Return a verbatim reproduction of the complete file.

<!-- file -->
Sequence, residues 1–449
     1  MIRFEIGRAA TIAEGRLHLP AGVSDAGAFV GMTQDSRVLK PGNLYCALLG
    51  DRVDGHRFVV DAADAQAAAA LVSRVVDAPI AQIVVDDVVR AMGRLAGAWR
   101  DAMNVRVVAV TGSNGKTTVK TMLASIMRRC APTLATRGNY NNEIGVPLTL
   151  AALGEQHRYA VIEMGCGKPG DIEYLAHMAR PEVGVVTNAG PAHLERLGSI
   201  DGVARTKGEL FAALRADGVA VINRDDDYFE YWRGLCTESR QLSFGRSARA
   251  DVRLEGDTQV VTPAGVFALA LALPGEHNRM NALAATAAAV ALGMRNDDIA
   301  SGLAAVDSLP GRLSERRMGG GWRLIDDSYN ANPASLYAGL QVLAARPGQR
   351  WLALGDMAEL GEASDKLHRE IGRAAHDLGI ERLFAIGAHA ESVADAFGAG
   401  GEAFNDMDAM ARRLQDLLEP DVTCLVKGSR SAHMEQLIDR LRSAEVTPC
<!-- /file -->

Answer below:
Sequence, residues 1–449
     1  MIRFEIGRAA TIAEGRLHLP AGVSDAGAFV GMTQDSRVLK PGNLYCALLG
    51  DRVDGHRFVV DAADAQAAAA LVSRVVDAPI AQIVVDDVVR AMGRLAGAWR
   101  DAMNVRVVAV TGSNGKTTVK TMLASIMRRC APTLATRGNY NNEIGVPLTL
   151  AALGEQHRYA VIEMGCGKPG DIEYLAHMAR PEVGVVTNAG PAHLERLGSI
   201  DGVARTKGEL FAALRADGVA VINRDDDYFE YWRGLCTESR QLSFGRSARA
   251  DVRLEGDTQV VTPAGVFALA LALPGEHNRM NALAATAAAV ALGMRNDDIA
   301  SGLAAVDSLP GRLSERRMGG GWRLIDDSYN ANPASLYAGL QVLAARPGQR
   351  WLALGDMAEL GEASDKLHRE IGRAAHDLGI ERLFAIGAHA ESVADAFGAG
   401  GEAFNDMDAM ARRLQDLLEP DVTCLVKGSR SAHMEQLIDR LRSAEVTPC